When youíre at a gig or show performing with backing tracks, youíre more than just a musician. Now, youíre also a tech wizard, moving from analog to digital and so, youíll need to know what can be the cause of any audio problems, just like you would with your instruments. After all, you wouldnít perform with an out of tune guitar, so why play with a backing track or piece of tech thatís set up incorrect?
As well as knowing what can cause problems on your backing tracks, itís vital to understand the equipment that is actually playing the music, too. Sometimes the thing creating the poor audio is the machine itself that itís played on. That, and things like the venue, poor wiring and so on.

Do your research before buying both your professional backing tracks and the machine or device youíll use to play them. Both are key players in creating a great sounding performance without a live band or vocalists.

    Tip: Make sure the device you play your tracks with cannot receive texts, emails or notifications with sound.



#7 Opt For A Remix

Most musicians will know that not every other musician out there is as dedicated and great at time keeping as themselves. Sometimes, planning a performance with external pianists, drummers or similar can prove to difficult and lead to much disappointment.

However, if your performance demands a drummer but perhaps you donít have a reliable musician to perform with, opt for a remix. Include more electronic aspects to funk up the song and give your listeners a slightly edgier show.

You donít have to change much in the music in order to get it sounding great without your backing band. Sometimes, making too many changes can make the track sound too different, though experimenting with additional instruments and vocals can be a huge success!



Summary

To conclude, below is a revised list of how to use backing tracks to give a great performance:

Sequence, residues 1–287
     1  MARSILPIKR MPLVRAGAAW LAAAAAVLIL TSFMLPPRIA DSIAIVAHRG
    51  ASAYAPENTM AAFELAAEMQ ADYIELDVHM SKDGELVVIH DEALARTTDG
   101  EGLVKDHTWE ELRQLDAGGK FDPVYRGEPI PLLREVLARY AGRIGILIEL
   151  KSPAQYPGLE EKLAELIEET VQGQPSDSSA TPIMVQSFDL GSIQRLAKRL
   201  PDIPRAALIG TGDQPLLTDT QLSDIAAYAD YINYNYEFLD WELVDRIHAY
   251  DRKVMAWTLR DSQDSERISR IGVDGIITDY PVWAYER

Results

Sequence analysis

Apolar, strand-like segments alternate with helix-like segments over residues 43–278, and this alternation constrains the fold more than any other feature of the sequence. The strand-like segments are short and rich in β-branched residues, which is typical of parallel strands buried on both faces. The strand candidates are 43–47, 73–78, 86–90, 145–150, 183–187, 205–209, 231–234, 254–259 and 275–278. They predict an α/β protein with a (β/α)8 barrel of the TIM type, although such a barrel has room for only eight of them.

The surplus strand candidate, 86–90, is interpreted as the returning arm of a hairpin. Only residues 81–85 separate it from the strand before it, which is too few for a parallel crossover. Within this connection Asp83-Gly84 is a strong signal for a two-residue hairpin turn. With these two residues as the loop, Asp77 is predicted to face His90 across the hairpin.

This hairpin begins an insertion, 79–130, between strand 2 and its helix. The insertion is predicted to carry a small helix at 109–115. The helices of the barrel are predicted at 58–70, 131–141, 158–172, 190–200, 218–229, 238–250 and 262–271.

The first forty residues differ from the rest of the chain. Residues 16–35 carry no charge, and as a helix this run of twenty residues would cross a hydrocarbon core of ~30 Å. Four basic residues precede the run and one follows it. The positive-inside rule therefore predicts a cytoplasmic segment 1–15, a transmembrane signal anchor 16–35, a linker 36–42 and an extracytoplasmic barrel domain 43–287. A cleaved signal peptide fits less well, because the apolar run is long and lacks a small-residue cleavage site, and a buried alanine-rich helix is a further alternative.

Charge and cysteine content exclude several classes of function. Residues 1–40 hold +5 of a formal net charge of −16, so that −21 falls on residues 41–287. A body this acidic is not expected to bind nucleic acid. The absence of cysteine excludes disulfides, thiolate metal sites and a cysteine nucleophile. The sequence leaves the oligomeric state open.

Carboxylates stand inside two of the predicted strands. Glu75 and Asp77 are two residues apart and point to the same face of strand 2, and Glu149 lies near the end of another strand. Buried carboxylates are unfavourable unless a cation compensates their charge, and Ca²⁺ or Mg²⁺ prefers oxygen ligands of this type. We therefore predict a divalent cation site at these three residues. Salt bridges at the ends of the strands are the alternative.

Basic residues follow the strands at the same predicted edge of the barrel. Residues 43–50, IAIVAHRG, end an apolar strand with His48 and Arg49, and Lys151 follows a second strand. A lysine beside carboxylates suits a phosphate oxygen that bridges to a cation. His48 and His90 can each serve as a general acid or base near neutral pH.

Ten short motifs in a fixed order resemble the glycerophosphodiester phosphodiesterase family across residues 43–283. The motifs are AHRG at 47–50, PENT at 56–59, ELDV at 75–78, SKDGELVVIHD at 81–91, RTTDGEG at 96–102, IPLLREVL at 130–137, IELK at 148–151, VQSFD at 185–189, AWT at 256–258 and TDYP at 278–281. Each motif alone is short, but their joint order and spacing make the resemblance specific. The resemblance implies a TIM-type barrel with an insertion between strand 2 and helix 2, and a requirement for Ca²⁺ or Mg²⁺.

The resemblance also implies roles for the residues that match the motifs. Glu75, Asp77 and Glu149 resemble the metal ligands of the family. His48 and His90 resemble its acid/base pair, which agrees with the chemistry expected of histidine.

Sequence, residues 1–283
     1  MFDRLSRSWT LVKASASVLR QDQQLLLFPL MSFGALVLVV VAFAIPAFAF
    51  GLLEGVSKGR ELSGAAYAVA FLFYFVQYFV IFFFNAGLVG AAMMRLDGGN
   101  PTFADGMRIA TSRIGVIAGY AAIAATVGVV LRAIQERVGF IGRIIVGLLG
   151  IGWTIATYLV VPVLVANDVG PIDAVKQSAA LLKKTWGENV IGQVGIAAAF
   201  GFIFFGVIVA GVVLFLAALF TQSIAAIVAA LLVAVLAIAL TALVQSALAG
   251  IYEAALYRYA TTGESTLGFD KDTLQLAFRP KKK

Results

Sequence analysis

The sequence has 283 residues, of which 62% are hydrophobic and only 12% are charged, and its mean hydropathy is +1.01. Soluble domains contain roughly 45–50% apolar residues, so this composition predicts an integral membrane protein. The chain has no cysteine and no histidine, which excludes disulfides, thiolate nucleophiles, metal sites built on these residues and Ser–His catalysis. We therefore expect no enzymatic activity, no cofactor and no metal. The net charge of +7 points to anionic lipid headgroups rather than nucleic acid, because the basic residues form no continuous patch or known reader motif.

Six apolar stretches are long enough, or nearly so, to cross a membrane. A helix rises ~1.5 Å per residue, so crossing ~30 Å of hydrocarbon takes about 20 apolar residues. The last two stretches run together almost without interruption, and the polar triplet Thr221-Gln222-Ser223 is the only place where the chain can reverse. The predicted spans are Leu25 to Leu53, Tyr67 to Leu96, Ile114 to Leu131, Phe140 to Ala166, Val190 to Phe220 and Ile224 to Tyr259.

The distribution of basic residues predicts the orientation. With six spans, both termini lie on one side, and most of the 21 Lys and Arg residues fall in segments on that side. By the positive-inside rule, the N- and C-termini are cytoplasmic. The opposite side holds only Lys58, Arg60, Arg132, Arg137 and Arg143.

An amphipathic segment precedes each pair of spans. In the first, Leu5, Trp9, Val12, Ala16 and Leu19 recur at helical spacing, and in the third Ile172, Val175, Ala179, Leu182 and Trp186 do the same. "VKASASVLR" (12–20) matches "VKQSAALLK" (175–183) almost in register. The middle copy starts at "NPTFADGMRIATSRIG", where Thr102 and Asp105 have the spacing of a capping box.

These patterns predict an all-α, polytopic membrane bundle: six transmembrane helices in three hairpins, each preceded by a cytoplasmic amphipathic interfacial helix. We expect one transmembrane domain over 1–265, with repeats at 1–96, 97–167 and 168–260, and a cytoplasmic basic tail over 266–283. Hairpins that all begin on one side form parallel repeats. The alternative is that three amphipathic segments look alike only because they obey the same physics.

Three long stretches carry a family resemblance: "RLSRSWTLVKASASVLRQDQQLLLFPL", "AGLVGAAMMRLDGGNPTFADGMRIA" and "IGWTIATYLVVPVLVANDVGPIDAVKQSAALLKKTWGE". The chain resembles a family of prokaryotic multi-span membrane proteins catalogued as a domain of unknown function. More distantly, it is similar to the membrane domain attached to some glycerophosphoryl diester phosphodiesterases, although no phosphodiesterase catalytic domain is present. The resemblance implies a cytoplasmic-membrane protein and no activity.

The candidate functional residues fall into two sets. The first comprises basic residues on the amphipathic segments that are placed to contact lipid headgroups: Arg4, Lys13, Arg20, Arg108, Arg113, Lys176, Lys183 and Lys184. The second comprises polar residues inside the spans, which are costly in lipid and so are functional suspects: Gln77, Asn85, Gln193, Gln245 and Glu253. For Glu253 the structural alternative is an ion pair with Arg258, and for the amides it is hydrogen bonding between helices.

1. Understand your tracks. That way if something was to go wrong such as the timing of the first song starting early or worse, late, youíre prepared for it and know how to correct it.

2. Engage with the track just like you would an instrument. This way youíre engaging with the instruments and vocals in the track, just like you would if they were happening live on stage.

3. Involve your audience by getting them to sing along. This way theyíll be less focused on the fact you donít have a band playing your music and youíll get more of a buzz from hearing them sing back your songs.

4. Knowing what you want to hear will help you monitor your performance and vocals as it happens. Using clicks in your headphones and the backing track in your wedge or monitor can help.

5. Donít let the audience see your laptop. This will help the audience to keep their eyes on you so youíre performance feels more connected and personal for the crowd.

6. Understand what problems can arise from using backing tracks. If you know what might go wrong when youíre on stage using the backing track, youíll be able to help counteract any issues to keep your performance running smoothly.

7. Remix your song by either stripping it down or adding more electronic elements to it. This can bring a new life to the song and interest the audience by surprising them with a unique version, rather than playing what they will expect.

Stephen Robinson, London Arrangements


London Arrangements specialises in the production of professional music backing tracks, ranging from stage and screen, swing and jazz, to classical and easy listening genres.


Posted on 14/06/2018